Full implementation of credit card orders is completed in Chapter The authors discuss credit card transaction fundamentals including working with credit card payment gateways, understanding transactions and card processing. Product review integration is the subject of Chapter This is another highly coveted enhancement to e-commerce sites.
The authors provide a very simple and therefore, elegant, in my view implementation of code to add review capabilities to the sample site. Appendices A-C cover necessary application installation as mentioned above , hosting advice, steps for getting your files where they need to be on various hosting models and project management theory.
Access to code and errata is available on the Apress Web site apress. This book has a nice layout, clean typography, plenty of screen shots and the code sets are offset from the main body of text and are extremely easy to follow.
The book can readily be propped open while looking on from your development machine and the overall size of the book isn't unwieldy or awkward to place on a surface. In the The Expert's Voice in Open Source series, Apress has harnessed the knowledge and expertise of some of the best folks in open source and this book is no exception. Both authors have prepared a book that will enable any intermediate developer to create a fully functional e-commerce Web site that they can then customize and extend.
This book is consistent, well organized and clearly presented. Beginning PHP 5 and MySQL E-Commerce: From Novice to Professional is the perfect tutorial-style book for start-to-finish e-commerce site development instruction for any developer with the desire to learn the advanced tools and techniques to get a scalable professional site designed and in production.
Slashdot welcomes readers' book reviews -- to see your own review here, read the book review guidelines , then visit the submission page. This discussion has been archived. No new comments can be posted. Its not like we are all sitting at are computers trying to be the first to post on a news story and forbid there be a error in the post If you need ecommerce, or any web application for that matter, then there is no point in starting from scratch.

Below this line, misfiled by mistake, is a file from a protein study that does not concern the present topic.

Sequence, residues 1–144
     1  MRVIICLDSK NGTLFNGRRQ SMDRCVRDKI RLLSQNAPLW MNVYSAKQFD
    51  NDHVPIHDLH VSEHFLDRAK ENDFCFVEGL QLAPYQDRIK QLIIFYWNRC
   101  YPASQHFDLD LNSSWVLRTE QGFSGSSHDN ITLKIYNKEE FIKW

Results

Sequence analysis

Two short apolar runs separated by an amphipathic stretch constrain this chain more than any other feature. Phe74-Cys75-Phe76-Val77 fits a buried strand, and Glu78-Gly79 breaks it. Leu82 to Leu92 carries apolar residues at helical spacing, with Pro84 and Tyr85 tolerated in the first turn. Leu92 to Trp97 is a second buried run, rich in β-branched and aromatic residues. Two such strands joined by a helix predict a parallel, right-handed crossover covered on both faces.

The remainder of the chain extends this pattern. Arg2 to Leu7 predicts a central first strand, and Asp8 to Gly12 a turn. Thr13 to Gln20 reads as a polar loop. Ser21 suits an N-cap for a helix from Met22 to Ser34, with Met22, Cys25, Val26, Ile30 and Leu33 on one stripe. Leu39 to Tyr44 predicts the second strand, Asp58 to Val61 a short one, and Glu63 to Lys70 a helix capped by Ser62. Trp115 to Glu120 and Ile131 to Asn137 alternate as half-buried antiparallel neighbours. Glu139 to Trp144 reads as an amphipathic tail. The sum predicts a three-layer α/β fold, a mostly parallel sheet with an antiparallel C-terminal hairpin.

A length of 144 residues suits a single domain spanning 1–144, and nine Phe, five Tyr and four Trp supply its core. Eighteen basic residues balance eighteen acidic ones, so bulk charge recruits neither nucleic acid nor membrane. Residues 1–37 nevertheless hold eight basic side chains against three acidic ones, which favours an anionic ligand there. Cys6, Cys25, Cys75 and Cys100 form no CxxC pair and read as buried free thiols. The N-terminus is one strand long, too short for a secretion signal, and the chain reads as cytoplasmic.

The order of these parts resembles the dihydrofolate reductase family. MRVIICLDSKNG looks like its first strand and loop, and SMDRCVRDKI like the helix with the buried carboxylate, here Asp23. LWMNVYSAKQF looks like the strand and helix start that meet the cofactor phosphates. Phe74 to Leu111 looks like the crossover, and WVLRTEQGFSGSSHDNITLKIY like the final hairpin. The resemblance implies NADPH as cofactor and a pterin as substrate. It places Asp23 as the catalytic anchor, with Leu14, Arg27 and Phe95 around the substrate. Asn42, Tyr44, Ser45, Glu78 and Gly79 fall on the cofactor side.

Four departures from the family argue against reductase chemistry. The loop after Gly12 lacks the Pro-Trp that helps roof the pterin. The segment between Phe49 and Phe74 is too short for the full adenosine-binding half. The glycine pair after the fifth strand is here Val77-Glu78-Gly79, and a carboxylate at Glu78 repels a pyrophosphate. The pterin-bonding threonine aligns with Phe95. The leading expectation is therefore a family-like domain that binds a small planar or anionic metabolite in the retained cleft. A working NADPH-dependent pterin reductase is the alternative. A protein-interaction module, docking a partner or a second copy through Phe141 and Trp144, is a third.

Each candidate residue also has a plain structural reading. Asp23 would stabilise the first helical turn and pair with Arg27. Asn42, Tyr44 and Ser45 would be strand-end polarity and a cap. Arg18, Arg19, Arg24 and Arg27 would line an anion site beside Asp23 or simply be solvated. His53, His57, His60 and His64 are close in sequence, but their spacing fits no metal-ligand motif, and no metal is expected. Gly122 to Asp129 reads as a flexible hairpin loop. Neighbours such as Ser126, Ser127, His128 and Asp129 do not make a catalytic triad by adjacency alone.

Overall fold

My own favorite is Drupal [drupal. For example, some creative guy wrote an Ecommerce [drupal. Stuff like: Bayesian inference [ibm. All of those examples are from the same author the guy in charge of phpmath. I immediately write off as "clueless" any author that suggests that MySQL is a good tool to use for things that require security like shopping carts, or for anything close to mission critical.
Beyond that, I wouldn't trust CC info in any database. The method I use is to split up the storage of CC info, one part to one database, another to another database on another machine and the key stored on another. It's a bit of a pain in the ass to set up, but it would take one helluva of a catastrophe for a hacker to steal CC info.
This book is not for the raw beginner; some knowledge of PHP and MySQL is assumed and truthfully, this book will most benefit a professional web designer who has some experience building dynamic elements into web sites. More Login.
Score: 3 , Funny. Share twitter facebook linkedin. Re:my God! Score: 1 , Offtopic. Looks like Timothy needs to read this himself. Oh wait, Slashdot runs on Perl Thank you, I'm here all week. Score: 1. No kidding. I thought maybe the whole book was posted up here! Score: 2 , Funny. The blurbs are getting longer. Score: 2. Stupid mods. That one had me laughing out loud. Tim Berners-Lee surrenders". Holy Shit Score: 2 , Insightful.
Talk about a shameless plug, they put the entire review on the front page! Re:Holy Shit Score: 1.